Gun control advocates reveal targets for November: Politico: “A prominent gun [control] group is ready to spend big to boost Democrats who last month supported Congress’ most significant gun policy package in nearly 30 years — and attack Republicans who opposed it. The $10 million investment by Giffords PAC…will go toward local, state and federal elections in Texas and Florida, which have both seen tragic mass shootings, as well as Georgia, Pennsylvania, Wisconsin and Colorado, all key battlegrounds that will determine whether Democrats keep their majority. Giffords PAC has already endorsed Democratic incumbents Sens. Michael Bennet of Colorado and Raphael Warnock of Georgia and backed Democratic Lt. Gov. John Fetterman to replace retiring Republican Sen. Pat Toomey in Pennsylvania. The group has not endorsed in Wisconsin’s open Democratic primary to take on Sen. Ron Johnson (R-Wis.). … The money is expected to go toward television and digital ads, as well as organizing efforts and public events.”
Pritzker, Newsom leaning in on 2024: The Hill: “Democrats are sizing up President Biden’s chances of winning reelection in 2024 — and prominent figures are weighing their own prospects too. … California Gov. Gavin Newsom (D) ran TV commercials over July 4 in Florida…hitting the Sunshine State’s Republican Gov. Ron DeSantis. DeSantis is widely seen as a possible GOP presidential contender, and Newsom’s unusual move made sure his name would be in the 2024 frame as Democrats mull Biden’s strengths and weaknesses. … Last month, Illinois Gov. J.B. Pritzker (D) journeyed to New Hampshire — traditionally the second state to vote in the primary process. … Pritzker’s fiery response to the mass shooting in Highland Park, Ill., on Monday also seemed much more in step with liberal America’s sentiments that Biden’s milder reaction. … Even if Biden were to surprise by stepping aside, there is an additional complication for outside Democrats who have their eyes on the top job: Vice President [Kamala Harris].”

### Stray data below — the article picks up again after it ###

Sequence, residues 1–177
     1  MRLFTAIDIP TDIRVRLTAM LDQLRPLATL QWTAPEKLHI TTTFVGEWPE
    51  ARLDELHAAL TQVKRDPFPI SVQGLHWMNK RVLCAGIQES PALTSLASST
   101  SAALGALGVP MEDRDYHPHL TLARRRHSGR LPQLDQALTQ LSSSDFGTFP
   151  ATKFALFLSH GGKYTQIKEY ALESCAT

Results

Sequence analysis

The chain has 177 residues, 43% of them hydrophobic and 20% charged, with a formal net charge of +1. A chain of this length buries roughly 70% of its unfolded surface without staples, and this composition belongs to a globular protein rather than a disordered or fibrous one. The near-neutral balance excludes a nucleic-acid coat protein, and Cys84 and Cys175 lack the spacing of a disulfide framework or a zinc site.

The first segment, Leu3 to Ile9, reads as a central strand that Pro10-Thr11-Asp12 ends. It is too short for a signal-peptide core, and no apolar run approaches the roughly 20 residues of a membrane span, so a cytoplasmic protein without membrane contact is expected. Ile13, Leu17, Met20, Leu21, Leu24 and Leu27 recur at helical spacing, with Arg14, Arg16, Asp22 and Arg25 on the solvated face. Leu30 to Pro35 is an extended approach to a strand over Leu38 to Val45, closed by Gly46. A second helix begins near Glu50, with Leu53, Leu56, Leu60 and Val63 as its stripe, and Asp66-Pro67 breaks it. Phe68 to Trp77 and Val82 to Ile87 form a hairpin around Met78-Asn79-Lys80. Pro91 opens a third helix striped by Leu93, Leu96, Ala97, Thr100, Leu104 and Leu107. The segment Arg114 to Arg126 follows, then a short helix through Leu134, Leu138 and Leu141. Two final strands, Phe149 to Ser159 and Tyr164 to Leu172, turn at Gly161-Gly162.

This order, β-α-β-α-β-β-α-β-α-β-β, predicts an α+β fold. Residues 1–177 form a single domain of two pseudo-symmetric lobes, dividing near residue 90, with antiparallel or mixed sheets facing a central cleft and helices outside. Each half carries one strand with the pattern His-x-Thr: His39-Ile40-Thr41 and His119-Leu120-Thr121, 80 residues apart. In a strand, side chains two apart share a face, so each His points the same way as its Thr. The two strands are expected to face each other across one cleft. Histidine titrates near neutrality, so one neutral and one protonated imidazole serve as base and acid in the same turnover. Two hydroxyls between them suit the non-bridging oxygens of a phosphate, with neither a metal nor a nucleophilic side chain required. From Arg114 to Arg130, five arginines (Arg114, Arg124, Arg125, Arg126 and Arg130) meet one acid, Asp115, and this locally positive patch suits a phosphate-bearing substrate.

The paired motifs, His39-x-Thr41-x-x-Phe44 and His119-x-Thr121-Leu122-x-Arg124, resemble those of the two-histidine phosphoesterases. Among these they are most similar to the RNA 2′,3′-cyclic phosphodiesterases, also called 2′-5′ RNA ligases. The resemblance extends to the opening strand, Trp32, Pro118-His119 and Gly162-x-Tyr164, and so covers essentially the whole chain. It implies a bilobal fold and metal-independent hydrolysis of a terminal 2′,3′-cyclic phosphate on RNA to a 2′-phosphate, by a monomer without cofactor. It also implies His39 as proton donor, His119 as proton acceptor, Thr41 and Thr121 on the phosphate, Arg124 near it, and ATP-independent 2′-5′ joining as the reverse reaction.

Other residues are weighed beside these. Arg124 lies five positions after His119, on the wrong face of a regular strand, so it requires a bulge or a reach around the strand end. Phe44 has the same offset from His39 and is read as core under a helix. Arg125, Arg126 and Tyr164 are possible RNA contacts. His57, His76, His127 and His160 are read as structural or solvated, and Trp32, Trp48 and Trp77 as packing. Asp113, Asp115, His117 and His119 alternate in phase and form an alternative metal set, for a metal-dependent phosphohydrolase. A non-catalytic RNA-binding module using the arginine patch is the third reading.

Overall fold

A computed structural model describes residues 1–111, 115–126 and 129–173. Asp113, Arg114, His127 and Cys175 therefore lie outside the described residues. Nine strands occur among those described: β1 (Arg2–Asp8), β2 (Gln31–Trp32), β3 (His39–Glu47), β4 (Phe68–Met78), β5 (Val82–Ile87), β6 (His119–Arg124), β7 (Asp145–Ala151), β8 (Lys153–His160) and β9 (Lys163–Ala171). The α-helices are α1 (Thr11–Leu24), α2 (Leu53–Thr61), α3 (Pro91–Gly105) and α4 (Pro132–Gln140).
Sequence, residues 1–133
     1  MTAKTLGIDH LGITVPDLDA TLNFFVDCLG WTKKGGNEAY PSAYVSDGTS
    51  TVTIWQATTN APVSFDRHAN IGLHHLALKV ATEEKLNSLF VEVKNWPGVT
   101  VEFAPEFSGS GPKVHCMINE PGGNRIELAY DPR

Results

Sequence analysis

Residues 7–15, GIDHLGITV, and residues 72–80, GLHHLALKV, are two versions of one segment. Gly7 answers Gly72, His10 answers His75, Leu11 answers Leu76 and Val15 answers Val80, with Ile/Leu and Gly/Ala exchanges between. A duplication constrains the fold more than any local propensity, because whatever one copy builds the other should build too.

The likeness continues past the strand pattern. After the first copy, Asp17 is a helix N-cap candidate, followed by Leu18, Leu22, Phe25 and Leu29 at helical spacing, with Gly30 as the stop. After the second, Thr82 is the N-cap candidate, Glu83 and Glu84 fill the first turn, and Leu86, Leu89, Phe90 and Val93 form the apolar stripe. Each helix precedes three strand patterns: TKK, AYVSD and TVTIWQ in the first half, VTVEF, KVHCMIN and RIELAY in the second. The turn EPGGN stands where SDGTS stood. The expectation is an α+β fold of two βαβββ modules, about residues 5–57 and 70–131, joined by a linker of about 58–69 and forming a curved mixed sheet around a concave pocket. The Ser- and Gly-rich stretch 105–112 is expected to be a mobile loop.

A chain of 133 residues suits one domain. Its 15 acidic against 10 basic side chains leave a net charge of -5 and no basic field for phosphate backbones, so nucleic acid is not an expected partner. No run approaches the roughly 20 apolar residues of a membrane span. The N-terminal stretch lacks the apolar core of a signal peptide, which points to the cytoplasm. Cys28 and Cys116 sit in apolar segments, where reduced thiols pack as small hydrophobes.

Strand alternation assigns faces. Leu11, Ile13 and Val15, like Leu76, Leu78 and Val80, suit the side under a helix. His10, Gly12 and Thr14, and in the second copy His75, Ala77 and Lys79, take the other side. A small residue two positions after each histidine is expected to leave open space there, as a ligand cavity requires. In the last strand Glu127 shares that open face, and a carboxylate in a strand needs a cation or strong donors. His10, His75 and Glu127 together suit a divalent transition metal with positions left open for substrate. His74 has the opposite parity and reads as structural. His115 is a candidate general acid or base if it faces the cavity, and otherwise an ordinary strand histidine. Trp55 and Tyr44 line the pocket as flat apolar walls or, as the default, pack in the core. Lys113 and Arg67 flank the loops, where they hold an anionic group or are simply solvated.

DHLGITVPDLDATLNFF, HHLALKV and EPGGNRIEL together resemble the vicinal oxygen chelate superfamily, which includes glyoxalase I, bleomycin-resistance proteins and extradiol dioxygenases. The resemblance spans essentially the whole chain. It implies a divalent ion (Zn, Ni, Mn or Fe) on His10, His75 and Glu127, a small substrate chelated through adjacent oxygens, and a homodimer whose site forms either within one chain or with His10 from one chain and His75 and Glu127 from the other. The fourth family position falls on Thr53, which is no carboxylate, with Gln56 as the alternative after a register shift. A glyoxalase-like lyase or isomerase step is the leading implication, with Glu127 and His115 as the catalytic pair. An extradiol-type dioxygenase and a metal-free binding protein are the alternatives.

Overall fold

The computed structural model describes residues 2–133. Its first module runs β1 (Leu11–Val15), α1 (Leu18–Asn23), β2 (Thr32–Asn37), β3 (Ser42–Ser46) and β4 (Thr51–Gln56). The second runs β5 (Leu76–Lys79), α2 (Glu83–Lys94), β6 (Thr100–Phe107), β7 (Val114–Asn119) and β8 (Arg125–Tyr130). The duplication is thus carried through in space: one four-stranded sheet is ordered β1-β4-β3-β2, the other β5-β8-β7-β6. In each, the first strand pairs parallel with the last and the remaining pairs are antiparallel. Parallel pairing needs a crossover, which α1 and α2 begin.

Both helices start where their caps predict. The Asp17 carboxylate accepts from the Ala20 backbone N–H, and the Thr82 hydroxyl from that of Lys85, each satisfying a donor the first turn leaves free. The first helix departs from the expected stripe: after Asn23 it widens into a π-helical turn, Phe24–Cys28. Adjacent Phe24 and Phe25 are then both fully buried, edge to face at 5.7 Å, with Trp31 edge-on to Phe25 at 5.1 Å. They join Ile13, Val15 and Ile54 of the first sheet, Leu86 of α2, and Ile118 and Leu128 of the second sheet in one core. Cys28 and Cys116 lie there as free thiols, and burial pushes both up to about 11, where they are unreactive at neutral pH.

Pennsylvania Republicans walk away from Mastriano—NBC News
Warnock used campaign cash to pay personal legal fees—Politico
Manchin joins Schumer in last ditch effort to negotiate drug prices—ABC News
WITHIN EARSHOT: SIR, THIS IS AN ARBY’S
“Gavin Newsom might as well light a pile of cash on fire. Pass the popcorn for his desperate attempt to win back the California refugees who fled the hellhole he created in his state to come to Florida.” —Dave Abrams, campaign spokesperson for Gov. Ron DeSantis, in response to Newsom’s recent ad encouraging Floridians to move to California.
You should email us! Write to STIREWALTISMS@THEDISPATCH.COM with your tips, kudos, criticisms, insights, rediscovered words, wonderful names, recipes and always good jokes. Please include your real name—at least first and last—and hometown. Make sure to let me know in the email if you want to keep your submission anonymous. My colleague, the courageous Abbey Black, and I will look for your emails and then share the most interesting ones and my responses here. Clickety clack!
“We’ve got a bit of a clown car primary in [the 4th Congressional District] in Central Washington that I think might be a forebearer of a bigger conflict in MAGAverse post Trump. There are seven Republicans running in it and one Democrat. Because of our open primary system, the top two go to the general election. Dan Newhouse, the incumbent who signed an Amicus brief for Texas’s lawsuit [seeking to swipe Pennsylvania’s Electoral College votes], then voted to certify the election and impeach Trump. Here’s a link to my local paper that is doing a Q&A with all the candidates. [Loren Culp] (who declined to participate) also lost the last gubernatorial election. My prediction for how this will all turn out is pretty simple. Too many clowns and not enough seatbelts.” —Travis Morrill, Yakima, Washington